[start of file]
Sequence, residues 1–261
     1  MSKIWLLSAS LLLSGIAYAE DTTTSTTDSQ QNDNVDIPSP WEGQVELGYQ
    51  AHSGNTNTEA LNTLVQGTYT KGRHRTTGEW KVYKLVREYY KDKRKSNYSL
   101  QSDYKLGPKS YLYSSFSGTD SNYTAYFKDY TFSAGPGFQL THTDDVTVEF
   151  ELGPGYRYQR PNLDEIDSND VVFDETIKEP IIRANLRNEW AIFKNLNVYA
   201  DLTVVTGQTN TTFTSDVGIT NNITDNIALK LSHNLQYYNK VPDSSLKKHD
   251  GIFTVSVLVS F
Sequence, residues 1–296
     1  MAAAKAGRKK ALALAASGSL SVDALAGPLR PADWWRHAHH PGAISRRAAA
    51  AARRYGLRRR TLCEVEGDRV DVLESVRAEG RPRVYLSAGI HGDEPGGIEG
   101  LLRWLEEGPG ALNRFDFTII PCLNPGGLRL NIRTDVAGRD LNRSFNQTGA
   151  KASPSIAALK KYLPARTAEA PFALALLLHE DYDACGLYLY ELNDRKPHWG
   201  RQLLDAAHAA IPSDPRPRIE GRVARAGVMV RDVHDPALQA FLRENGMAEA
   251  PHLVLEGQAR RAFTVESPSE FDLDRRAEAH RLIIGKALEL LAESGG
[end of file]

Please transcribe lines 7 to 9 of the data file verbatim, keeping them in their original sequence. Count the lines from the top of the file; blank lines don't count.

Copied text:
   251  GIFTVSVLVS F
Sequence, residues 1–296
     1  MAAAKAGRKK ALALAASGSL SVDALAGPLR PADWWRHAHH PGAISRRAAA